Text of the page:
As a student at Ithaca College, Hayden Ort-Ulm ’11 tore apart local buildings for charity. Now as an alumnus, Ort-Ulm is working to build new buildings back up.
In college he worked on construction projects with Finger Lakes ReUse, an organization that uses the materials from deconstruction sites to build sustainable structures. Now he plans to pedal his way from Providence, R.I. to Seattle, Wash., to bring attention to the need for affordable housing in underprivileged communities.
“People can build other structures for half the cost because it’s reused material” he said. “I haven’t had too much experience building homes, but I’m not worried about it. I’m pretty handy.”
Ort-Ulm is embarking on this trek with other volunteers for Bike and Build, an organization that supports affordable housing in the United States. To raise the $4,500 he needs to secure his place on the trip, he’s hosting a benefit concert at The Nines on Feb. 10.
Ort-Ulm has already raised more than $1,000. At this benchmark, the organization sends the rider the bicycle they will use on their journey.
Ort-Ulm asked his friends’ bands to help bring in the extra cash he needs to reach his goal of $4,500. The groups scheduled to perform are local folk band Thunderstorm Clouds, singer Jill McCracken, and Ithaca College student group Gypsy Gets Shotgun.
Jeremy Betterley, Gypsy Get Shotgun’s guitar player, helped Ort-Ulm plan the benefit concert.
“I’m a big believer in sustainable transportation,” Betterley said. “It’s awesome that they’re doing a charitable thing such as building houses [while] biking.”
Justin Villere, a Cornell graduate, is the director of operations and outreach at Bike and Build. Villere said it is important to not only contribute to affordable housing, but also to understand the roots of the issue.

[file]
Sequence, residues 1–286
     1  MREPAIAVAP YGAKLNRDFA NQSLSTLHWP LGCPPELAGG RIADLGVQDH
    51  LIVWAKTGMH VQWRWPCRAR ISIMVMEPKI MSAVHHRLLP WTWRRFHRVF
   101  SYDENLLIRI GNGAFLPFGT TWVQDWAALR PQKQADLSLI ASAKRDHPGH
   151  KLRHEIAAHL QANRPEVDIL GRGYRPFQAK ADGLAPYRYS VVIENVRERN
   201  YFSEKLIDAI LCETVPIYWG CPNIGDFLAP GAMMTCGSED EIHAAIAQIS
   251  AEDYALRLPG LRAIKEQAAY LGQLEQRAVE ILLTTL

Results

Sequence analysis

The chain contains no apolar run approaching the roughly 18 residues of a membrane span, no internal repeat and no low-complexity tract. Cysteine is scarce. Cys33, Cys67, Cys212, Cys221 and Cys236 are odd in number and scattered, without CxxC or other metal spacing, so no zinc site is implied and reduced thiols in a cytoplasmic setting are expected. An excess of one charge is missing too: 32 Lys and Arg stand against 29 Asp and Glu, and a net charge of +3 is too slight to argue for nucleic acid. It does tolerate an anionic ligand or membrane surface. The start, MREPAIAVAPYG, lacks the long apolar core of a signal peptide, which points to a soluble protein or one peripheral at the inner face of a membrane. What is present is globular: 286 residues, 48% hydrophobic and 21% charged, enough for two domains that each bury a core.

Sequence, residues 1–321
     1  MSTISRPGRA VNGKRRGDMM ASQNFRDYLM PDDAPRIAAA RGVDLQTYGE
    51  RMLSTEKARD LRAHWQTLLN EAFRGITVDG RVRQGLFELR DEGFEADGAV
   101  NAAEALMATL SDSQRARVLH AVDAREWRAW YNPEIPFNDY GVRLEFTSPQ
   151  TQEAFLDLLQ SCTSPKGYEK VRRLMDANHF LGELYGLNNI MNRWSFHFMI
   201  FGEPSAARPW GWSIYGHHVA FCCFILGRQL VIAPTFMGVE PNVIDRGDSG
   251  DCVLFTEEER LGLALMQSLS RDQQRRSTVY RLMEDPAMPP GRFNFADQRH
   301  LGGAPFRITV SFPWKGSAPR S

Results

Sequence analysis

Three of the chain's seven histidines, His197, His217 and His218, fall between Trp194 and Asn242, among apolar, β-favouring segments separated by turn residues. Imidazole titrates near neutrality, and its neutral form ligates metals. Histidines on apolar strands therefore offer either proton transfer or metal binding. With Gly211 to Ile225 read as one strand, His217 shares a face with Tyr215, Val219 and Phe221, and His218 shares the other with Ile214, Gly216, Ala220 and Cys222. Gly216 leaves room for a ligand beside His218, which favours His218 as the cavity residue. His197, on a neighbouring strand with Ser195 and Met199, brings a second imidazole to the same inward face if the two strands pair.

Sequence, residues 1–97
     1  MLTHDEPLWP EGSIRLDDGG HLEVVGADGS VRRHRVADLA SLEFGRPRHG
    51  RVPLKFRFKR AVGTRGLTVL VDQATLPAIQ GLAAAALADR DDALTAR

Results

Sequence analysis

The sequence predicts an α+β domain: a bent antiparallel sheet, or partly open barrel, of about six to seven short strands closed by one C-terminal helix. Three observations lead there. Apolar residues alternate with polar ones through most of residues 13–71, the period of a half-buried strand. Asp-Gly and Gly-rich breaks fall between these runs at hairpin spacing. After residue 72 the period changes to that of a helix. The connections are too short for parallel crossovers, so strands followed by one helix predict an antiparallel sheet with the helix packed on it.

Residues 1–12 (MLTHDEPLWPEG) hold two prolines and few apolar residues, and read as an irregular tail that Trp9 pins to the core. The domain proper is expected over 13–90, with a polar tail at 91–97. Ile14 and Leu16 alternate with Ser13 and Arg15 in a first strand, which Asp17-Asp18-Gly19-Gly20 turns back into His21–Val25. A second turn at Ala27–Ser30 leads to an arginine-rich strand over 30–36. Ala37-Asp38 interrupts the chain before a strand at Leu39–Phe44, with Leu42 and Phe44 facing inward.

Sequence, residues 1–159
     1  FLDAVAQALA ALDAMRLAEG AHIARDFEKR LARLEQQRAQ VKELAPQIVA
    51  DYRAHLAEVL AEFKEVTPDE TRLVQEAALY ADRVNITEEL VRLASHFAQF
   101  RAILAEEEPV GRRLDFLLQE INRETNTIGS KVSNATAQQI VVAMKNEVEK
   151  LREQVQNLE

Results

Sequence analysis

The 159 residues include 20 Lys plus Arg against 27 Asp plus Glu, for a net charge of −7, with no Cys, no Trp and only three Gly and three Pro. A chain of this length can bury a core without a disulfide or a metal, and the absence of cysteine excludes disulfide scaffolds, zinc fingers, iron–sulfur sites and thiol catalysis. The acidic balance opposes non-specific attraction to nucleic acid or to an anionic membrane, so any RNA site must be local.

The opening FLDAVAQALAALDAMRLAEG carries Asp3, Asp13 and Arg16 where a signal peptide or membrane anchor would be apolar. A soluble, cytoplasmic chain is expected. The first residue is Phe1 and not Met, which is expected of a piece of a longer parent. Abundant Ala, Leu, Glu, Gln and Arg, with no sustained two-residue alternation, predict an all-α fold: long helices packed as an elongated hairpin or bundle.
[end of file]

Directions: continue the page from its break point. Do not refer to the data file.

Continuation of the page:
“We require that [riders] spend some time with our affordable housing curriculum,” he said. “That would be studying a particular piece of the multipronged issues as far as what causes housing shortages in the United States and the types of shortages.”
Villere said while the riders are working to build communities, a community is being developed among the riders themselves.
“[Riders] stay committed to the organization long after they’ve completed their ride,” he said. “It’s such a unique experience and they find their lives are really changed by it.”
James Fraser, associate professor of human and organizational development at Vanderbilt University, is an affordable housing expert and said the culture of affordable housing in the United States has changed drastically during the past few decades.
“The need for affordable housing, or accessible housing, is never going to go away,” Fraser said. “Now we see middle-income families sliding down into situations where they’re losing their homes and they don’t know what to do.”
Fraser said despite government funding and other nonprofit organizations working to help build homes, there is still an opportunity to give to people who need more help.
“A lot of the building that’s going on is affordable to moderate-income people,” Fraser said. “But only 25 percent of those funds have to be put toward building housing for people that are 50 percent or lower of the area
Bike and Build works to spread the word about the increase in housing shortages throughout the United States.
“It’s not just in an inner city or a rural farm in a sparsely populated area,” Villere said. “You’ll find housing shortages happen just down the street and you never